One casualty on the trip, the hatch to the heads? That we'd fixed 7 years ago? Broke off again. Thank goodness we didn't lose it overboard during the night sometime.

It's never good to be on a schedule, so the stress on this trip was all about timing our arrival, requesting and obtaining permission from the Port Authority, then getting through the complicated reef entrance in daylight hours, then getting cleared in with C&I during those hours {{ so as not to pay OverTime }}, then getting to our slip in the marina. All after how many hours at sea?

We felt pretty confident. We'd done as much research as we could research. The rest was out of our hands.

Is it when you start seeing faces in the clouds that you know you've lost it?



Do you see him? Shall we call him The Ghost of Flat Faced Wilson?

Speaking of Flat, Grand Cayman is a flat island, so calling Land Ho took a few tries {{ already missing the mountainous lush vegetation of Jamaica }}, but I have to concede that the Capt'N won. But then, he was cheating with binoculars.



Our third attempt at calling Port Authority finally got us within range and an answer. We asked for, waited for, and finally were granted permission to come in at The Barcadere Marina It *may* have had something to do with the fact that arriving in Georgetown would've been after sunset. Either way, we were grateful for the permission.

The marina had sent us the waypoints for the entrance through the reef,



and we followed those in, very carefully, watching for dive buoys, the crashing surf, shallow depths and water colour around us. And {{ phew }} made it through.



Then still another hour of motoring ahead of us to get to the marina breakwater, where the marina still wasn't responding to our hails.



The view of the Lighthouse that guided us in.



But the C&I folks? Standing there waiting for us. Grabbed our lines as we came alongside. And with a smile, handed us our paperwork and welcomed us To Grand Cayman. How's that for a welcome?

Completing the paperwork the usual blurry bombardment of questions. Nothing formal about the procedure at all, given what we were anticipating with the seriously worded do's and don't's we had read in those paragraphs just days ago. They asked about weapons. They asked if we had pets. Never asked about food. And didn't even look at our boat. And no cost to clear in {{unless you're outside their working hours }}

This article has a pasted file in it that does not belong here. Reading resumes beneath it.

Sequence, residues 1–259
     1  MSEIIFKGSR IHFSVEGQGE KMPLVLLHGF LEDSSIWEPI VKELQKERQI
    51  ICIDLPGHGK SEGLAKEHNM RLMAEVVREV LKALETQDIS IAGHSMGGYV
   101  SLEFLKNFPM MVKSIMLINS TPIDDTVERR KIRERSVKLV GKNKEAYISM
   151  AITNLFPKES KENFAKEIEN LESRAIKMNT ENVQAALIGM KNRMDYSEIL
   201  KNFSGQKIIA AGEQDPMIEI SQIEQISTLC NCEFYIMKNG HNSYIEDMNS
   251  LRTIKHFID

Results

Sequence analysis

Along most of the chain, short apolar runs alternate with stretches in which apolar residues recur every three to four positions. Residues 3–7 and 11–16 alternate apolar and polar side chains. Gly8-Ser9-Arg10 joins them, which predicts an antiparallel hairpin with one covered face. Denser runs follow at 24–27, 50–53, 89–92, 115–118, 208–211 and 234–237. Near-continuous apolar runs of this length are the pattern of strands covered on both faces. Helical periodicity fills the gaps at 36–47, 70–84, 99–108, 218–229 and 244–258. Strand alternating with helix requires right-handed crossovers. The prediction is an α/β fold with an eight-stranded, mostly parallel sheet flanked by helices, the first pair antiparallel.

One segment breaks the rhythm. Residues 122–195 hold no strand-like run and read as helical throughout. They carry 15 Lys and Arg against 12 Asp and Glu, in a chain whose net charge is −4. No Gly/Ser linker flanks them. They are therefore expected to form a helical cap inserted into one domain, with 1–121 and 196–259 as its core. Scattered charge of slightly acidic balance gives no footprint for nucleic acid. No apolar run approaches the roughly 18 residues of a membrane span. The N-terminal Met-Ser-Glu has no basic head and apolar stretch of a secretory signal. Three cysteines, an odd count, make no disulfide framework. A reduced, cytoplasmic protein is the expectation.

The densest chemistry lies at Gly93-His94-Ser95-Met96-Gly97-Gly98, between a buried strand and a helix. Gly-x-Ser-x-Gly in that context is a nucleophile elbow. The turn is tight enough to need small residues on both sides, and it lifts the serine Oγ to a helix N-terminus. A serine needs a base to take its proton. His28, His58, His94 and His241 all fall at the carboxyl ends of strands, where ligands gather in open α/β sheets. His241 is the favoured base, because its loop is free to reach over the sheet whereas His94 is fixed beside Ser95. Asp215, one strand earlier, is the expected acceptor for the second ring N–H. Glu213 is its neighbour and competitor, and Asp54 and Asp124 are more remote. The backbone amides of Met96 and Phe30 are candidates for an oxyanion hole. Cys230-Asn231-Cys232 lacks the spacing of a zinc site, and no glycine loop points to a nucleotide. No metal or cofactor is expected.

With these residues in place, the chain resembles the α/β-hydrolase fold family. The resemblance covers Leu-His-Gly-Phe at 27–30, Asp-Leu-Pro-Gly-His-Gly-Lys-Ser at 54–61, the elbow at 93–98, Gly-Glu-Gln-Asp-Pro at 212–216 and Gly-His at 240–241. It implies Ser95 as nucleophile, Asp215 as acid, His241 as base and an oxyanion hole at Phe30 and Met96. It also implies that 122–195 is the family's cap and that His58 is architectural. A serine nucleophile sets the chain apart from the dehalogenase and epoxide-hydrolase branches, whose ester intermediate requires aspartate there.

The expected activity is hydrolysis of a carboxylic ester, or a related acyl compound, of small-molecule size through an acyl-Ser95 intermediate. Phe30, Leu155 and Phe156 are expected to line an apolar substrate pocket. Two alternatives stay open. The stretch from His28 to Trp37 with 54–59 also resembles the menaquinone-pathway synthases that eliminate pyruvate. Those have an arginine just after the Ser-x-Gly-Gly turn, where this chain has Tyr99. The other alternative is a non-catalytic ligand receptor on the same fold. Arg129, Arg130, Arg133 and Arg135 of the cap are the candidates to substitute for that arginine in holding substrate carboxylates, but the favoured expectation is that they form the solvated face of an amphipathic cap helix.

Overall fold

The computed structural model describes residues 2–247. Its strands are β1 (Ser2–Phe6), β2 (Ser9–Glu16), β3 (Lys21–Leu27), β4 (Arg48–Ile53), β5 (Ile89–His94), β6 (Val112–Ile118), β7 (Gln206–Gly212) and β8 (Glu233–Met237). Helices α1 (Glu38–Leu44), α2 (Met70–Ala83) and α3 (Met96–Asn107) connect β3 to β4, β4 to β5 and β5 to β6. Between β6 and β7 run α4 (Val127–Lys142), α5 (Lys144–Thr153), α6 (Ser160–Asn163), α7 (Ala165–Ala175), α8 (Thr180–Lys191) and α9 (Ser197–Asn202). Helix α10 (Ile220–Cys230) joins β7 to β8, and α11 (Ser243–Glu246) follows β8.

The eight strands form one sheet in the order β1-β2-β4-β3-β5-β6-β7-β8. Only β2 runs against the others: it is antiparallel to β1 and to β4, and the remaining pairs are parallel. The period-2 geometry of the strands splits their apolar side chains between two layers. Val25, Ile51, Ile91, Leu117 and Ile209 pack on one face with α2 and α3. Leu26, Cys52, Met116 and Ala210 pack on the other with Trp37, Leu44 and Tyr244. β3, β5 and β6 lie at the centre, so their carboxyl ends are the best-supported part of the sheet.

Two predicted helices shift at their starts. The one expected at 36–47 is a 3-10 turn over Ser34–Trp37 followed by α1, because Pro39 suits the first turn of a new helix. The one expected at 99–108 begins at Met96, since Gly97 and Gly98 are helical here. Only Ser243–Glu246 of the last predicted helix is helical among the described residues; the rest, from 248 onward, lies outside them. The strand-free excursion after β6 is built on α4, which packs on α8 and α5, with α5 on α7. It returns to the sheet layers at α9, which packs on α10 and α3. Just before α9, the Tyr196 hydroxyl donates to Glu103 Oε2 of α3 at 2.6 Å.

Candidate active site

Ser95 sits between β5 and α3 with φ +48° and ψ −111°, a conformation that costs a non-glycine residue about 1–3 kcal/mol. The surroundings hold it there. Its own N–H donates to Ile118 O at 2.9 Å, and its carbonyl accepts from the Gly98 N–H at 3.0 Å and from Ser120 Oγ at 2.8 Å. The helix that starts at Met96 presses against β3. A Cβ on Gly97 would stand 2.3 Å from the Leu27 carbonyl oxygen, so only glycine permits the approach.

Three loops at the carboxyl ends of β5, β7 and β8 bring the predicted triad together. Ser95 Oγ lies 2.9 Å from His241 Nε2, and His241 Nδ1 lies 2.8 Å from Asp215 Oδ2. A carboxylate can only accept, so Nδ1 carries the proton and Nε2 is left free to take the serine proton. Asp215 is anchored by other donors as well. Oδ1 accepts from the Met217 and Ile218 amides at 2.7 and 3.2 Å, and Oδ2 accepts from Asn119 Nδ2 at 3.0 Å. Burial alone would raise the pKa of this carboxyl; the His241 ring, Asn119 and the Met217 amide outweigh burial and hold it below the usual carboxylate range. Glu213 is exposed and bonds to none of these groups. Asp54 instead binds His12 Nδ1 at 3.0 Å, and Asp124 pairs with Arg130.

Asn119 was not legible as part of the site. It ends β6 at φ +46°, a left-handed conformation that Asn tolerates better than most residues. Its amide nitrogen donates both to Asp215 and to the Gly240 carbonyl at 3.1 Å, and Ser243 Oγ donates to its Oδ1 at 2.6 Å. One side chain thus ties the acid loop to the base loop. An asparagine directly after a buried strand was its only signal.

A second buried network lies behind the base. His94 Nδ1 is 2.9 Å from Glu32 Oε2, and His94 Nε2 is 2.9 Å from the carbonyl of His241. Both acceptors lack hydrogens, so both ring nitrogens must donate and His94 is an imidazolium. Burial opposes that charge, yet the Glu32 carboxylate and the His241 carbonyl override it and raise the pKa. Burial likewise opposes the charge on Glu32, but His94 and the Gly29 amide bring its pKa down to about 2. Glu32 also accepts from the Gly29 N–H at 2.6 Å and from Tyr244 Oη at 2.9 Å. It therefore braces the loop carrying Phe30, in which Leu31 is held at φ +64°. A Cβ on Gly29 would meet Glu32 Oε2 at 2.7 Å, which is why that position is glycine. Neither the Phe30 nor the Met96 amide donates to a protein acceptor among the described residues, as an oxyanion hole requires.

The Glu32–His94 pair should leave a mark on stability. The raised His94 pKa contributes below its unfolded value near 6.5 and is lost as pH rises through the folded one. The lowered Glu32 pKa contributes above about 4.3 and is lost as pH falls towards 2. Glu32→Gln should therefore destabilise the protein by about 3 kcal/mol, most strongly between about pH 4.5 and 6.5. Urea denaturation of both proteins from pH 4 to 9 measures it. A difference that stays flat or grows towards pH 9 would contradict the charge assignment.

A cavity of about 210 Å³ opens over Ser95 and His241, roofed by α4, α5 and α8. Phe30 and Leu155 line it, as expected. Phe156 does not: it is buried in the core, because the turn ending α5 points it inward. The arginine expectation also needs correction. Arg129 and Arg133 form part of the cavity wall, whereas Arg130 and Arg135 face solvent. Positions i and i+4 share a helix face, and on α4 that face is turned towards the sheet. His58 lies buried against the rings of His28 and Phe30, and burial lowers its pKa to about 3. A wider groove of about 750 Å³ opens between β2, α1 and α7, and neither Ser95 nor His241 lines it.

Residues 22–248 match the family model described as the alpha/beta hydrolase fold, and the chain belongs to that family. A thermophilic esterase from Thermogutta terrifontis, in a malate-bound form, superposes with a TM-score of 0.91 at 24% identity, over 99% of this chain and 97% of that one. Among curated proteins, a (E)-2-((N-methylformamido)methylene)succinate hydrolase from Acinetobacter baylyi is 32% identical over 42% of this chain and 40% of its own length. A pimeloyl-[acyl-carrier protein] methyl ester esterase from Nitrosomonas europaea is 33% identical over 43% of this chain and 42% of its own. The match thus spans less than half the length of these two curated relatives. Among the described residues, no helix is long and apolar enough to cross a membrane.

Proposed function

We checked in with Denise at the marina office, and then Chad, the dockhand helped us to our slip.

And then? 314 nm later? Arrival Beers!



I can't event tell you how good they tasted!



Cheers! Cheers To a safe, hot and long 54 hours. Cheers to dolphins and rainbows and faces in the clouds. Cheers to plenty fuel. Cheers to research done before the passages. Cheers to successful and easy passages.

Cheers to Each Other. Can't believe we're in Grand Cayman!
Comments
Vessel Name: Banyan
Vessel Make/Model: Jeanneau 40 Sun Odyssey
Hailing Port: Halifax, Nova Scotia
Crew: David & Alexandra
About:
Welcome Aboard. I'm Alexandra, and if I'm not out Adventuring with Camera in Hand, or cheffing up a storm in my galley, I'm looking to pirate some WiFi to upload our latest tales (with way too many photos) about our most recent adventures. [...]
Extra: CHART YOUR COURSE: Our destiny is shaped by our thoughts and actions. We cannot direct the wind but we can adjust the sails.
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The Adventures of Alexandra and David

Who: David & Alexandra
Port: Halifax, Nova Scotia
We're always Somewhere South of Somewhere.

The Banyan Love is Growing.

http://www.hitwebcounter.com/htmltutorial.php
WebPage Visits

We're on Facebook

Sailing Banyan

Instagram: #banyantravels

but we're not Tweeting.

Our friends Paul and Sheryl Shard, of Distant Shores, are incredible producers of their very own TV Show.

If you haven't already, check them out.

Their DVD's are informative and fun to watch as they travel to all four corners of the world.

You might even find Banyan in some of them!!